Director: Yash Chopra
A contemporary look at tensions between Muslim and Hindu groups in and around India and Pakistan, Veer-Zaara peers through the lens of Indian cinema’s favorite theme: love. Veer (Shah Rukh Khan), an Indian Air Force pilot, and Zaara (Preity Zinta), a Pakistani woman, fall in love in India. Zaara is engaged to an overbearing Muslim man, and Veer travels to Pakistan to win her and her family over, but he is ultimately jailed. The film was rightly lauded by critics and fans alike for its portrayal of the region’s shared history and conflicts, as well as for the performances by Shah Rukh Khan and Preity Zinta. For those interested in learning more about India-Pakistan relations and embedding themselves in a forbidden relationship between members of these two combative groups, Veer Zaara is the perfect choice.
Director: Nikkhil Advani
Based in NYC, Kal Ho Naa Ho presents a love triangle bound to have you crying by the Hudson River. Naina (Preity Zinta) falls in love with her quirky neighbor Aman (Shah Rukh Khan), who is in turn trying to set her up with her best friend Rohan (Saif Ali Khan) as a way to hide his true feelings and shield her from the truth behind his jovial smile—he’s slowly dying. Interfamily drama, commentary on immigrants in America and homosexuality within the Indian community, and a remix to Roy Orbison’s “Pretty Woman” (that will 100% get stuck in your head) all combine in this engaging weepy.
Director: Shaad Ali
Born into two different societal circumstances, Aditya (Vivek Oberoi, at his peak) and Suhani (Rani Mukerji) elope after their parents reject their planned nuptials. However, life after marriage proves to be just as difficult and multiple arguments threaten to tear them apart. After one particular fight, when Suhani doesn’t come home, Aditya is left to search the streets for his love, ultimately finding her in an unimaginable place. Saathiya is one of the rare Bollywood films that shows marital strife in such a raw manner—and the beautifully composed soundtrack by A.R. Rahman only adds to its charm.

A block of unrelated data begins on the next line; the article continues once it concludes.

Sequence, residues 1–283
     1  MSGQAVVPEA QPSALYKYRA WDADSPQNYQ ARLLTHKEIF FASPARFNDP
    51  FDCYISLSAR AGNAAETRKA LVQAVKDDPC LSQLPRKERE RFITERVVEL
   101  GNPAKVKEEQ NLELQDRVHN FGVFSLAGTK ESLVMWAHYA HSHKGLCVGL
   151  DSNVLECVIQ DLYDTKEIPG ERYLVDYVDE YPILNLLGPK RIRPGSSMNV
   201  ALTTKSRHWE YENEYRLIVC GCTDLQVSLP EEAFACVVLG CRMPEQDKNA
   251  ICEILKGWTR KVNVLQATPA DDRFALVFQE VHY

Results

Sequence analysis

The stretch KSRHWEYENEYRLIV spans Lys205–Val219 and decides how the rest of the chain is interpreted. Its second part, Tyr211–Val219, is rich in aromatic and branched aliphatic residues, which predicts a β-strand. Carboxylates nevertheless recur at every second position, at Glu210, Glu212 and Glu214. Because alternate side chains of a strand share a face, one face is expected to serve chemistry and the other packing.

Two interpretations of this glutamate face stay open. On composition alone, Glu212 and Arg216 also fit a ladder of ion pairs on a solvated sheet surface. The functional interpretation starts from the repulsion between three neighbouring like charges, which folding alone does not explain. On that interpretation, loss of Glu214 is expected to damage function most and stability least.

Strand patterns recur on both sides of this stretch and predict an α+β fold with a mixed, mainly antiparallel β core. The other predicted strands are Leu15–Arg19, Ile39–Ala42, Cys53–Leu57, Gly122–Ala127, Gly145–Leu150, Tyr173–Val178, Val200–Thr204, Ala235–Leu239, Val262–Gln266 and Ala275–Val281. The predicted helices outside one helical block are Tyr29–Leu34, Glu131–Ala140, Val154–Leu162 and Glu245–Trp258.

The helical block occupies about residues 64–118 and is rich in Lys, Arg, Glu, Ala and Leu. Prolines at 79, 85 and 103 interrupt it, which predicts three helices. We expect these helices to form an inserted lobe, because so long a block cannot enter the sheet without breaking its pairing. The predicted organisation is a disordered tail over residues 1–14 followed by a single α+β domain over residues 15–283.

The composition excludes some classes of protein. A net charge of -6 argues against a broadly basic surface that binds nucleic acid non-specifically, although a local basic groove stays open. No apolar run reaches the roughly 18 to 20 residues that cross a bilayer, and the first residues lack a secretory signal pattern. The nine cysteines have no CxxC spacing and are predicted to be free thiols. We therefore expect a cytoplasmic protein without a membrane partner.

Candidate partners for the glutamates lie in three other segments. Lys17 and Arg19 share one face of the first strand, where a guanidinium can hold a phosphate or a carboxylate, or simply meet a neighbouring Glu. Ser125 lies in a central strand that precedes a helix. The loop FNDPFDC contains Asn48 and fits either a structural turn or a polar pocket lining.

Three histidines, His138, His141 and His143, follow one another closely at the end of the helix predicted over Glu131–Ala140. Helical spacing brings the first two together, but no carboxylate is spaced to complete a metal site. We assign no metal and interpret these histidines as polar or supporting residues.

Director: Aditya Chopra
Dilwale Dulhania Le Jayenge (affectionately referred to as DDLJ by those in the know) is such a staple in India that a Mumbai theater has been screening the film for over 20 years. In it, Simran (Kajol) and Raj (Shah Rukh Khan) meet and fall in love while in Europe, and upon returning to India, Raj must convince Simran’s father to allow him to marry her. DDLJ distills every Bollywood prerequisite into one film, capturing the feelings of sweeping love, crushing loss and ultimate familial acceptance upon which the industry so often relies.
Director: Karan Johar
Featuring Kajol and Shah Rukh Khan (one of Bollywood’s most prominent on-screen duos), Kabhi Khushi Kabhie Gham (K3G) is a tale of class warfare. When Rahul (Shah Rukh Khan) falls in love with Anjali (Kajol), his father (Amitabh Bachchan) forbids him from marrying her because of her lower economic status. Driven by love, Rahul disobeys his father and is banished from his household and from the family. K3G embodies the Indian value of respecting your elders even when they’re wrong, and proves the idea that even the most stubborn people can come around when prodded by love. You’ll laugh, you’ll cry, you’ll most definitely find yourself Googling the film’s songs afterwards.
Director: Farhan Akhtar
A story of youngsters finding themselves, Dil Chahta Hai set the stage for many contemporary Bollywood films when it premiered in 2001. The film is an exploration of mid-20s angst and unrest, of following unconventional desires, of finding happiness amidst the madness. Sameer (Saif Ali Khan) chases a girl out of his league; Siddharth (Akshaye Khanna) lusts after an older divorcee; Akash (Aamir Khan) tries to reconnect with someone from his past. Their decisions test each other and themselves, and cause rifts in their seemingly unbreakable friendship. Similar to Zindagi Na Milegi Dobara, Dil Chahta Hai is about the bonds of friendship, and just how far they can be stretched.